The MLK, Jr. MEMORIAL DISTRICT

 In Blog

A conversation with Richard Wigfall

 Recorded April 17, 2019 by Theron SNYPE

Richard is from a family of entrepreneurs who created and operated businesses in the Spring and Cannon Streets corridor. Due to the number of African American business enterprises historically located along this corridor, in 1999, city council passed a resolution designating those streets the Martin Luther King, Jr. Memorial District in honor of the slain civil rights leader. In the early 1950s Richard’s father and grandfather opened a bakery on the lower floor of their residence on President St. His uncles owned and operated a very successful eating establishment on Spring Street, the Ashley Grill, which generated the resources to build a twenty room hotel next door.

The bakery was located at 114 President Street, between Spring and Cannon Streets. Richard recalls an episode when he was a young child, still in a stroller, where he pulled on a large bag of flour which was on a shelf and spilled the contents all over his body. “I looked so funny with that flour all over me that everyone was hysterical. They laughed so I started laughing also.”

Due to the discrimination that was prevalent during that time, the bakery ceased doing business approximately in 1954 or 1955. He recounts that his grandfather’s bakery had items for sale in a number of local grocery stores. However, the sales representative for the National Biscuit Company, a corporate giant, “Was losing sales to my family’s business, so he actually threatened to cut off the supply of goods from the National Biscuit Co. if the merchants didn’t remove my family’s goods from the shelves and [therefore] denied us access to sell”, according to Wigfall.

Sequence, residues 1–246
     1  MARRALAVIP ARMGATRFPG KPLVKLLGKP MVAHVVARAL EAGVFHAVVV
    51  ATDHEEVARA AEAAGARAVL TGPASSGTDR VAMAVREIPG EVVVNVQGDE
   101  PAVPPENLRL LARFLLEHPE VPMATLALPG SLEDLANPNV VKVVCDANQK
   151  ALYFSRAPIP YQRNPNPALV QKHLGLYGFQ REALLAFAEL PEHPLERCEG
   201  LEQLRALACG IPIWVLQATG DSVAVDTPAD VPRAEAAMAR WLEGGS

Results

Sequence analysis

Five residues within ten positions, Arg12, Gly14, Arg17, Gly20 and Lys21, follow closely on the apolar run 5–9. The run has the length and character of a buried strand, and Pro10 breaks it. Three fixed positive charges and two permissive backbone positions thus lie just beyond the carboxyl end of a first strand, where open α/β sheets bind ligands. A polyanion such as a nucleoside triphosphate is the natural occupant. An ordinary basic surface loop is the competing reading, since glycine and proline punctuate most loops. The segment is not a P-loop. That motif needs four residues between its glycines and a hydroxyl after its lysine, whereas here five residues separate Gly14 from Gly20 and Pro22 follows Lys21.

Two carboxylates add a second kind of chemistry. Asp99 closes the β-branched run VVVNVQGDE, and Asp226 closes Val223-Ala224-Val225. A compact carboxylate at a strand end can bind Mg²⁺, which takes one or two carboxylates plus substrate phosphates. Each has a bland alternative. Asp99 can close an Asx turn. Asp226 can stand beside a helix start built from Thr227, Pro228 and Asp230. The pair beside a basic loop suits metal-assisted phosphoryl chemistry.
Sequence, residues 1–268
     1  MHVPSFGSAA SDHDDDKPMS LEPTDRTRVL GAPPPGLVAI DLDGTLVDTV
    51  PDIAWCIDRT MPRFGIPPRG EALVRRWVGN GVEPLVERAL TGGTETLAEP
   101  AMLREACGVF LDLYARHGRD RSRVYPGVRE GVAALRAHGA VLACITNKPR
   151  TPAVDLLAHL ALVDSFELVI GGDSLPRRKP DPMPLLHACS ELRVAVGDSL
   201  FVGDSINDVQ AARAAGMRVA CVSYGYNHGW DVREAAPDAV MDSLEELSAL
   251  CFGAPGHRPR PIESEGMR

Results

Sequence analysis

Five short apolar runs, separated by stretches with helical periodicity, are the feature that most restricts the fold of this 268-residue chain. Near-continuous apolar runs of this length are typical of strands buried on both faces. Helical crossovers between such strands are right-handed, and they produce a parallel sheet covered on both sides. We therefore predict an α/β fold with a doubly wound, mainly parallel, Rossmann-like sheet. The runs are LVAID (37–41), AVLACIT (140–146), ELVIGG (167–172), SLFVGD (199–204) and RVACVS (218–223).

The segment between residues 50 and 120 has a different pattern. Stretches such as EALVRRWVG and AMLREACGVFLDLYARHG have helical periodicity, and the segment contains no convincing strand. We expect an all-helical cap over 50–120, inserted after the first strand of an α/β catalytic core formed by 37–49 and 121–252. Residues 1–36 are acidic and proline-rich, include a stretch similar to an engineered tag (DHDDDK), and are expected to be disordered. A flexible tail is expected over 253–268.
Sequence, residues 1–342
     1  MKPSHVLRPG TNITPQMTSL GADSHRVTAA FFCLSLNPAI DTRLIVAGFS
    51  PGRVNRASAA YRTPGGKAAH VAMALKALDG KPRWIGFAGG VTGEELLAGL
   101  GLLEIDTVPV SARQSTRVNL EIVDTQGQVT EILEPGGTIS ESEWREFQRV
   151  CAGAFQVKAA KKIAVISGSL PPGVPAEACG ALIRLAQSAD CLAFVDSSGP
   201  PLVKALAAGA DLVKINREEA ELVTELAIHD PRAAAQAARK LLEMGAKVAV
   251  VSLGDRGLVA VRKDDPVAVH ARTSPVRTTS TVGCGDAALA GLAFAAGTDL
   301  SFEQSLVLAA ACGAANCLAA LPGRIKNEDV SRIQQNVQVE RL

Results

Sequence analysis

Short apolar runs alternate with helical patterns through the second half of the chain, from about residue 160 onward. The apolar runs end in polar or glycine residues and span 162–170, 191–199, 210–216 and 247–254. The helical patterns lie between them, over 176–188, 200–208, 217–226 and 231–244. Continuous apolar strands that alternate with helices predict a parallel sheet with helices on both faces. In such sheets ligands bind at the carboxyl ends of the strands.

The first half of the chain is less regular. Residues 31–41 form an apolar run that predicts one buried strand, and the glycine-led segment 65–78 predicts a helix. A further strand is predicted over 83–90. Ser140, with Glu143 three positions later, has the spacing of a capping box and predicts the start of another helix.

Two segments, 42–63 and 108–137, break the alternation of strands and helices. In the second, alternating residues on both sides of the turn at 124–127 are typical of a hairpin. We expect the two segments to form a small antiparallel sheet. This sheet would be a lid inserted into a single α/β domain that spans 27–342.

Operating until the mid 1970s, the James Hotel (or, as some called it, the Hotel James) was the largest and most successful business in this corridor. It was constructed and operated by Richard’s uncles and his father worked in the hotel. The Hotel James is legendary in the history of African American entrepreneurship in Charleston, SC. The grand opening of the hotel in 1952 was significant enough to be covered by the major local newspaper, the News and Courier & The Evening Post. On the page which featured a short story about the hotel opening, there were advertisements purchased by the various contractors and suppliers which were utilized to build and equip the business. It is noteworthy that none of these businesses were owned by African Americans.

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